The process described above, which is not uncommon, is proof of most companies’ inability to cope with their own processes. These processes are also often at odds with marketing messages. Additionally, people’s time is wasted and the Customer Experience is destroyed. After the ordeal, the client may feel relief and even gratitude – someone finally released them from an increasingly burdensome problem! This effect is similar to "Stockholm Syndrome," whereby the victim feels gratitude to their executioner. But this is not the kind of gratitude we want and it has nothing in common with a good Customer Experience.
Technology is the cause – and the cure
Technology is the cause of all these changes. It is therefore the only way to make those changes work to your advantage. The case described above can be largely solved through proper implementation of the CRM system and its integration with predictive analytics (Big Data, Machine learning) as well as marketing automation and programmatic buying. It all opens up entirely new possibilities. Feedback problems from any channel, including e-mail, phone and social-media not only generate negative emotions and additional costs, but become a source of relevant data for the organization.
It may be, for example, that a significant percentage of people report this problem either from the beginning to benefit from additional services or bought it immediately after the problem occurred. It is therefore a great time to take advantage of marketing automation platforms and launch promotional campaigns that encourage the purchase of the expanded service, with an automatic dedicated campaign in the programmatic buying system. The additional benefits for any organization are immense. However, there is no way to measure them all at once – this takes time tests and current improvements.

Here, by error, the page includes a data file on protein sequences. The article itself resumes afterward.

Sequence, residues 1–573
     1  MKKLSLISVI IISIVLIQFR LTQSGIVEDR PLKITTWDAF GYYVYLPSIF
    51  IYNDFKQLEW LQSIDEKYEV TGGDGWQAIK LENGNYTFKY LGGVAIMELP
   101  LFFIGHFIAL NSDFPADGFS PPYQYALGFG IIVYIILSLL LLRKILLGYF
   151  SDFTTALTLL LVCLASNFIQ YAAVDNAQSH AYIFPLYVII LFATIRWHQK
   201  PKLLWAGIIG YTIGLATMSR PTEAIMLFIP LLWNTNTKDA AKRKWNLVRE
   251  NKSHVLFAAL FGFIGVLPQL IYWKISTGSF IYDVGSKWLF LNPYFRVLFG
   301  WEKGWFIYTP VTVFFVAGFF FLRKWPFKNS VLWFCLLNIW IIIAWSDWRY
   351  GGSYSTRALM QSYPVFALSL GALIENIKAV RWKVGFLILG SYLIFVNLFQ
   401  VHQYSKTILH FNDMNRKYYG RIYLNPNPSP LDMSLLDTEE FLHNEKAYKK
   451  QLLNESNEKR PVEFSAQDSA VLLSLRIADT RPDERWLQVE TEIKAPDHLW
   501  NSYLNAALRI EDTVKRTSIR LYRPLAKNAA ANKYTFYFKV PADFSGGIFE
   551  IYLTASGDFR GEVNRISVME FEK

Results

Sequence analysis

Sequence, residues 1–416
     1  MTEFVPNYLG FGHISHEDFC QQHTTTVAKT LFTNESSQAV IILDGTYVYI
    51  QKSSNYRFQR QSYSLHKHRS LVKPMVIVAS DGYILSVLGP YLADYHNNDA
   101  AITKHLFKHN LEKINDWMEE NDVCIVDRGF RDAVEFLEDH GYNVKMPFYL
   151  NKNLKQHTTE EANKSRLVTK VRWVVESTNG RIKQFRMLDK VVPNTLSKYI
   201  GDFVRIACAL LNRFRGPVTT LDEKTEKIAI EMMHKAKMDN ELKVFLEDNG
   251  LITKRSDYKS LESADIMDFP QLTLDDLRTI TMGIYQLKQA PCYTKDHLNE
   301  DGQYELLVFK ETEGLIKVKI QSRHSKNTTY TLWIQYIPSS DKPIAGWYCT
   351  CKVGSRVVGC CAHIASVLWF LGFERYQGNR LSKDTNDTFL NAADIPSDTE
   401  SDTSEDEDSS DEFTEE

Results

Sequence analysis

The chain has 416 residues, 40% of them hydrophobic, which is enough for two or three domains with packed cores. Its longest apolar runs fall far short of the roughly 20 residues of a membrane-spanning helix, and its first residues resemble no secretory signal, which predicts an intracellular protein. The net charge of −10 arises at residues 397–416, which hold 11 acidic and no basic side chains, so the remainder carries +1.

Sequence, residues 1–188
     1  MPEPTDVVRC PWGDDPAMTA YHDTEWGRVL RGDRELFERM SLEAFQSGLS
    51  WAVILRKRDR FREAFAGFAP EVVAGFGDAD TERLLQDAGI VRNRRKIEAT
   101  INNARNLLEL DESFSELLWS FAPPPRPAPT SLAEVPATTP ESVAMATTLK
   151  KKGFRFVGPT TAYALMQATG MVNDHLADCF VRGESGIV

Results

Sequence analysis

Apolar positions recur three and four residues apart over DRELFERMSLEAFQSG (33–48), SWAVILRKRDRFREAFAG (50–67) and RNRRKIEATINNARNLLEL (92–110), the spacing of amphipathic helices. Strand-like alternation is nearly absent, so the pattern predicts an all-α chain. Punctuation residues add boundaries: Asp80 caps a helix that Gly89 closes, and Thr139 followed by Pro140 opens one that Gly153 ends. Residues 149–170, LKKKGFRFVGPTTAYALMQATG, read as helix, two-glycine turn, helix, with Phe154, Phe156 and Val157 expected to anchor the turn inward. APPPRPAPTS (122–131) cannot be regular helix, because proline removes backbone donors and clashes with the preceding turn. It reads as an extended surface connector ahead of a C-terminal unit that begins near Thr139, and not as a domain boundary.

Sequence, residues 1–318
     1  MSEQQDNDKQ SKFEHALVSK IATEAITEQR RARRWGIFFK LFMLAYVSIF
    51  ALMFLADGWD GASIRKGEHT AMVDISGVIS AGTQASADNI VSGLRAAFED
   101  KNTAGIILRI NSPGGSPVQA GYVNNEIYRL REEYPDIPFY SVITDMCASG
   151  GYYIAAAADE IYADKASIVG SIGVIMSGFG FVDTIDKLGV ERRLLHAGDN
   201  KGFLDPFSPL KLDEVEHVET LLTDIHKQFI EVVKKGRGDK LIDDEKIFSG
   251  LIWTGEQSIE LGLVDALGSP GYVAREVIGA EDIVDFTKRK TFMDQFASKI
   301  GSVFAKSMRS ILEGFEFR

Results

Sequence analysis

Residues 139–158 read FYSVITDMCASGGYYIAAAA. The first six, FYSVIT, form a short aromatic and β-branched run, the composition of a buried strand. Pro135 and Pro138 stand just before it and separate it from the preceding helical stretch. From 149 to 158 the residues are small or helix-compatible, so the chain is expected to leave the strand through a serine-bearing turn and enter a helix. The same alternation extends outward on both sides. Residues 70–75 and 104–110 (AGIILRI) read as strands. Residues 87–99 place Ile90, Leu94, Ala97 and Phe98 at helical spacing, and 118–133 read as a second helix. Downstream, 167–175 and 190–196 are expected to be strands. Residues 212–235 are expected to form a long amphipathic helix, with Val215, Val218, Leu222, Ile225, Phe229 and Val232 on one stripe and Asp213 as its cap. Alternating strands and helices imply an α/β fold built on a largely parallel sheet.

What lies in the shadow? An increase of the role of marketing
Marketing is communication specialists, and Customer Experience is nothing other than communication. The conclusion seems obvious: the design of messages should be the role of marketing. It's true. But building a successful Customer Experience is really the result of cooperation between IT, sales, HR, and marketing. Everyone has a role, and should be present at every stage and at every moment. If we believe the maxim that innovation and improvement hide in the shadows of organizational silos, their demolition via interdepartmental projects is the key to building a successful Customer Experience.
The formula for a successful Customer Experience
(Martech + AdTech + SalesTech) * Imagination / number of silos in the organization = CX
I was inspired to write this text by the HBR article "Great UX does not guarantee a great customer experience", which made me realize that narrowing the importance of CX to design and UX is a very common practice.